Converting Excel date/time to Unix timestamp

Timestamp conversion are required when you import information generated by Windows based application to UNIX system. I faced a similar type of problem when I was trying to read data from a MS Excel file and storing it in MySQL database using a php code.

I was using Excel_reader class to read the Excel file. In that file there were two columns for 2 dates. While reading those column value I found they contain some numeric value. Those values are not same as unix timestamp value. As I was trying to store those values as timestamp I need to convert them into the timestamp.

After some searching and reading from internet I found that Windows and Unix system stores timestamp in different manner. Once this is clear to me I have converted them easily. So let us understand how these two system stores timestamp .

In Unix system timestamp is stored as integer in terms of seconds. If we consider the current timestamp value in Unix then it is basically the no. of seconds passed from 1 January 1970 00.00Hrs to till now. One important thing for Unix timestamp is that it is measured with reference to GMT time. That means there is no time-zone adjustment considered in case of Unix timestamp.

In case of Windows time it is stored as floating point/real number but in terms of days. For current timestamp, the no. days spent from 1 January 1900 stored in integer part and fraction of the day stored in the fractional part of the timestamp.

Now comes the conversion process. I made a simple conversion calculation as follows:

  1. $DayDifference = 25569; //Day difference between 1 January 1900 to 1 January 1970
  2. $Day2Seconds = 86400; // no. of seconds in a day
  3. $ExcelTime //integer value stored in the Excel column
  4. $UnixTime = ($ExcelTime $DayDifference)*$Day2Seconds;

Now if you look at the calculation, you may find that the conversion is not absolutely accurate. This is because I haven’t consider the fractional part of the Excel time. The reason behind doing so is that all I need to do is to convert a date from Windows format to Unix format. So fraction part of windows time won’t affect a lot for my requirement. But if you use this calculation for converting a date-time from Windows format to Unix format then conversion of the fractional part should done.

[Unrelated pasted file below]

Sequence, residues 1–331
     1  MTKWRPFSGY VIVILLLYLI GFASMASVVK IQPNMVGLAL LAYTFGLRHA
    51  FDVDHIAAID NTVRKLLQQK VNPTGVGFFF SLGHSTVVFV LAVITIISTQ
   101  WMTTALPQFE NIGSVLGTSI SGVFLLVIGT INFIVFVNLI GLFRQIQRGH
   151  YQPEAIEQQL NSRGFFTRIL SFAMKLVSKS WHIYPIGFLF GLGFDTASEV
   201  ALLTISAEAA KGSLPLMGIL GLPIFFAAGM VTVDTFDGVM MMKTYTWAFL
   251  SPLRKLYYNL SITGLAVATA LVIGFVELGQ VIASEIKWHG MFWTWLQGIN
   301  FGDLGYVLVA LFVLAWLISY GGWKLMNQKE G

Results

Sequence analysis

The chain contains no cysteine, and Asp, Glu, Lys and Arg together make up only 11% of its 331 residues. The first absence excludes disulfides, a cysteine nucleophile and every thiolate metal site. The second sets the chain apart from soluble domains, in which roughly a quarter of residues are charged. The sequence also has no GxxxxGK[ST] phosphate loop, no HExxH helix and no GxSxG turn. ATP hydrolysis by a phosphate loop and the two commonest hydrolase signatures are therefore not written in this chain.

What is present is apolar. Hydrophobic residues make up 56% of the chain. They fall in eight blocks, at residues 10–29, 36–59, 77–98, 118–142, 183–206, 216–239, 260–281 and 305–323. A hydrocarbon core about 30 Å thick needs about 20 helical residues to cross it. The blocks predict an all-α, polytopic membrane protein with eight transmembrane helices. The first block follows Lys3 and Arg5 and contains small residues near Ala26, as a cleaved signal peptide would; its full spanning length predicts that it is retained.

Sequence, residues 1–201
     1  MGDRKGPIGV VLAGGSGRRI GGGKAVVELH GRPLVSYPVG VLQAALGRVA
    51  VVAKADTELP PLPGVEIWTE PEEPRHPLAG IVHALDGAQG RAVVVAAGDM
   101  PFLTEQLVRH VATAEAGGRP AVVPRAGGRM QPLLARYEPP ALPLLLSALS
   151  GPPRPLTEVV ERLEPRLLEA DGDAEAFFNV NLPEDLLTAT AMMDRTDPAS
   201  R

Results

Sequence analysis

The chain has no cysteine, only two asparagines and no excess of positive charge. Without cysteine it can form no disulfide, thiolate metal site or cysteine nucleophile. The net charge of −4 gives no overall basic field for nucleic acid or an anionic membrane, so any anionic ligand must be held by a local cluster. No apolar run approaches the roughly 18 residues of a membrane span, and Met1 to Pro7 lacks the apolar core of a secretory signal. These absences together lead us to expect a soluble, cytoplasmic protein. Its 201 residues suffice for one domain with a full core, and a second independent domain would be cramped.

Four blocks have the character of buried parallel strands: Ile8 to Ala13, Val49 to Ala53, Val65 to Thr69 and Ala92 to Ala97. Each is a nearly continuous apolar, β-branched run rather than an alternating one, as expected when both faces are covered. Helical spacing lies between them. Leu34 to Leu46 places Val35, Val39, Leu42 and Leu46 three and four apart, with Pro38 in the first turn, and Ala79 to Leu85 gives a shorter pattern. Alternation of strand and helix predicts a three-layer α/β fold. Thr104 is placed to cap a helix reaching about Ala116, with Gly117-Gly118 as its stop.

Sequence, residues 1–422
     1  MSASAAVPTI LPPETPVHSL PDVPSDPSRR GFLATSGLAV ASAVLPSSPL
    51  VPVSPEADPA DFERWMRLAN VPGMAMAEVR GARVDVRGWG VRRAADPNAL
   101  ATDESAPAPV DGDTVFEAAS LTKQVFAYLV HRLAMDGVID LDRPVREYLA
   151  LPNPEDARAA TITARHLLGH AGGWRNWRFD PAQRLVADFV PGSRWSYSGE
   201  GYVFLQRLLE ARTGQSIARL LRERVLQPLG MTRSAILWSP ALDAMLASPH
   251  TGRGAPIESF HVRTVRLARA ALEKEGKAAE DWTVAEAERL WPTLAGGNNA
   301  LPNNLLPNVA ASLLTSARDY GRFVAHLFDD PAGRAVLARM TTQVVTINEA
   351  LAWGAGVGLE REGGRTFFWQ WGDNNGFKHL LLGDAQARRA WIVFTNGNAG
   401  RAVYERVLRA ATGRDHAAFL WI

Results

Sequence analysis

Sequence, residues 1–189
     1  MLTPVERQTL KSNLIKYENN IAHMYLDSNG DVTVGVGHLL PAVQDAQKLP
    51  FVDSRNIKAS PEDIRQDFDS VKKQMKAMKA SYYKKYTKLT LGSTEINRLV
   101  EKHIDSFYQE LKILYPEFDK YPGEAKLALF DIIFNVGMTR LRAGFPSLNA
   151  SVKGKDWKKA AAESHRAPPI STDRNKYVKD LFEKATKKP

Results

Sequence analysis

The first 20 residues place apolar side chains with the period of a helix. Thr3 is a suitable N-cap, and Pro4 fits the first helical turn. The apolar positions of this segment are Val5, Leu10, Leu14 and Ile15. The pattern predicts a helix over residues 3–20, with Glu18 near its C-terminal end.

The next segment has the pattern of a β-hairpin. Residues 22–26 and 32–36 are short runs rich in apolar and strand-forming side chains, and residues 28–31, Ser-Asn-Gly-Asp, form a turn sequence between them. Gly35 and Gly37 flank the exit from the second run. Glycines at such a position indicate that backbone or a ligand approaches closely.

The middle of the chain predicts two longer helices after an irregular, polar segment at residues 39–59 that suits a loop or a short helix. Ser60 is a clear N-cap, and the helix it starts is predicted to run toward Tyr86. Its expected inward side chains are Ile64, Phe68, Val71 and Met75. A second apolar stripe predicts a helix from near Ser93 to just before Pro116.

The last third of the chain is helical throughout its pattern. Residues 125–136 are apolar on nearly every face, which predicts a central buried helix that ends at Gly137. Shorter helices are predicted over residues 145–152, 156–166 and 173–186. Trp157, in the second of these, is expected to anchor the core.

If you like this small tips please let me know about it.

4 Comments

  1. Smitty says:

    Thank you for this article! It has greatly simplified a data import for me today.

    I dropped this in to my spreadsheet and then converted one of the Unix timestamps back into a date (using http://www.unixtimestamp.com/) but the date was off by one day. Just to double-check the math, I entered a formula in a cell to find the difference between 1/1/1970 and 1/1/1900. The result? 25568–one less than the $DayDifference you specify above.

    Making that one change resulted in a Unix timestamp that, when converted back to mm/dd/yyyy matched the original.

  2. Susenjit says:

    Thanks for checking. However I used this formula to convert Excel date to Unix timestamp. I had written a program which picks up a cell(containing a date) value and then convert it in Unix timestamp. I found the result was correct.

    After getting your post I just made another test. You can check it yourself. Put 1/1/1970 and 1/1/1900 in 2 cells now change the format of these cells as number. What you will get is that first cell value as 25569 and second cell value as 1. But while calculating the day difference you should consider 1/1/1900 as day 0.

    However using $DayDifference as 25568 I converted a Excel date to Unix timestamp and print that using strftime(). I got one day more rather than the expected result.

  3. Scott Reynolds says:

    Don’t forget to account for UTC offset. Excel dates are specified using local time, and UNIX timestamps are UTC.

  4. Susenjit says:

    Thanks Scott Reynolds for your valuable input.

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